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Sakura’s sushi is off the beaten path in Waltham

Black pearl roll.Wendy Maeda/Globe Staff
Joe and Jim Zhu, the unrelated owners of Sakura. Wendy Maeda/Globe Staff/Globe Staff

Sakura restaurant, which opened in December, has slipped quietly onto the dining scene in downtown Waltham. Just around the corner from Moody Street’s restaurant row, you are likely to pass right by it on foot. The absence of a working website isn’t helping the cause. All this is a shame, because Sakura is serving impeccably fresh, skillfully sliced sushi and sashimi at very reasonable prices.

A steadily ringing phone suggests the takeout business is brisk, but on multiple visits we eat in a nearly empty dining room. Just as we’re seated, the waitress swoops in with complimentary veggie sticks and a sweet ginger dipping sauce, and she’s ready to take drink orders. There’s no liquor license, but hot tea or water will be refilled relentlessly. Service starts out as sweetly attentive, but we are reduced to nervous giggling when the waitress leans into our conversation (nothing to do with the restaurant) and starts asking concerned questions.

At least you won’t feel ignored. And once the food hits the table, you won’t notice the hovering. Simple sashimi might be the best way to gauge a sushi chef. We order tuna ($4.95) and salmon ($4.75), each with three generous slices of sparkling fish. Spicy salmon wonton chips ($8.25) arrive with 6 golden wontons, pulled straight from the fryer and each topped with a mound of chopped raw salmon coated in spicy mayo. Add a tangle of the daikon string garnish and you’ve got an addictive dish of spicy, cool, crunchy, and fresh, all in one bite.


Crazy maki ($7.95) has crisp shrimp tempura with avocado and cucumber topped with tobiko caviar and drizzled with spicy mayo and eel sauce. The “special rolls” are more ornate (and slightly more expensive). Black pearl roll ($11.95) is a version of a spicy, crispy tuna roll, with fresh jalapeno and black caviar. Fire maki ($13.95) starts with sweet lobster salad and is topped with imitation crab mixed with spicy mayo and tobiko. It’s very rich, and we wish the crab were the real thing (it’s billed as crab, while other menu items with the fake stuff are labeled as kanikami, the Japanese word), but it is still satisfying.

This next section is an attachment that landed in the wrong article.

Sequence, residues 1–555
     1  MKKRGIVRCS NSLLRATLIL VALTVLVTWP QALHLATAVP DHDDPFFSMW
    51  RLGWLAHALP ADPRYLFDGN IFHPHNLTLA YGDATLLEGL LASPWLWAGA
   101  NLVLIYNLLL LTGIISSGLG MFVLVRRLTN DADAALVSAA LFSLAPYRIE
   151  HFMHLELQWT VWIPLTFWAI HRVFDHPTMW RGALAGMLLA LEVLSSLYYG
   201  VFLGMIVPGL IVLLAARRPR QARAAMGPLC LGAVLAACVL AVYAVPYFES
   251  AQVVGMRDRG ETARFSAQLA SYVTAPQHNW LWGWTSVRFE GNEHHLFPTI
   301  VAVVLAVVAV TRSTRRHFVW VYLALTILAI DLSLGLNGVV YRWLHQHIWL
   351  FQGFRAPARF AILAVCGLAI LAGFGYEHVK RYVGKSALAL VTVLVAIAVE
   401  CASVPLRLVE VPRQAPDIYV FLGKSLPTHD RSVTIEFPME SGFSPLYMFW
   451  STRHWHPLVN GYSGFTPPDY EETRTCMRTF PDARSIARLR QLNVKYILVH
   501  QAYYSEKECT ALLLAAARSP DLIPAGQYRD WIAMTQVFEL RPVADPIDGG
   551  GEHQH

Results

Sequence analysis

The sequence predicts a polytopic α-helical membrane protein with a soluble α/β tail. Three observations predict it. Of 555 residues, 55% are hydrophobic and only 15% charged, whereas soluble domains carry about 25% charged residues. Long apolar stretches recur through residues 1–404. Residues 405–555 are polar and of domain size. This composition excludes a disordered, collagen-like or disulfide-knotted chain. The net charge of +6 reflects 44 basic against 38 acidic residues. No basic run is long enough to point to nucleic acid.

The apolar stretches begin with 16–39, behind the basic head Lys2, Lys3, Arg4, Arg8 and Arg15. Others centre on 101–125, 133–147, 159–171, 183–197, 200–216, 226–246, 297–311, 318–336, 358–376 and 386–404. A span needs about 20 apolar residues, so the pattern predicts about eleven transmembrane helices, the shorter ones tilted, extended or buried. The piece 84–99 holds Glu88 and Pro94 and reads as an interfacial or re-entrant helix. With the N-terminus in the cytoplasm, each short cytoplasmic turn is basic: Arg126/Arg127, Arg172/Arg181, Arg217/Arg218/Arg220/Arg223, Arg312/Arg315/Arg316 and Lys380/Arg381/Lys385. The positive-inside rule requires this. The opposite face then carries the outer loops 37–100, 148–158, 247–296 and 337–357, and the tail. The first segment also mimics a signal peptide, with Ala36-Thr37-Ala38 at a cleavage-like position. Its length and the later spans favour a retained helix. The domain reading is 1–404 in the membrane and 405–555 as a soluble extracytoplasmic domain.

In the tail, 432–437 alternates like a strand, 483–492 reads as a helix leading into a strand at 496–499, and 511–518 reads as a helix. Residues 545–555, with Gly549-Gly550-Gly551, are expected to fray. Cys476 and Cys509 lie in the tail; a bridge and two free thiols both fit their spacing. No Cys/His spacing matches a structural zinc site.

Unfortunately, we have to pick and choose around the menu to avoid the frequent inclusion of “white tuna,” otherwise known as escolar. The controversial fish is known to cause stomach upset, but it’s still popular at many sushi spots. The low-carb set will enjoy The Frog Prince Roll ($9.95), a riceless maki filled with yellow-tail (or choose tuna, or salmon), kani, avocado, tobiko, daikon, and kaiware (radish sprouts) wrapped up in thinly sliced cucumber.

Cooked food is mixed. A vegetable tempura appetizer ($6.25) is light and perfectly delicious. But our order from the Sakura teppanyaki special section of the menu is disappointing. We choose the Samurai special ($14.95). The steak, ordered medium-rare, arrives well-done, and both that and the accompanying chicken are underseasoned and topped with a bland teriyaki-type sauce on a bed of sauteed bell peppers and onions. The meal comes with steamed broccoli and rice, as well as good miso soup and a fine house salad. Our check arrives with carved up clementines, a sweet touch to end the meal.

This is the first restaurant for China-born owners Jim Zhu and Joe Zhu (not related), though both worked at various Japanese restaurants over the past decade.


On the large menu there are more items, from Japanese noodle soups to deep-fried pork don buri, but we’ll probably just saddle up to the sushi bar for well-prepared fresh fish, at better prices than you’ll find in Boston.

Crazy maki roll.Wendy Maeda/Globe Staff/Globe Staff

Catherine Smart can be reached at cathjsmart@gmail.com.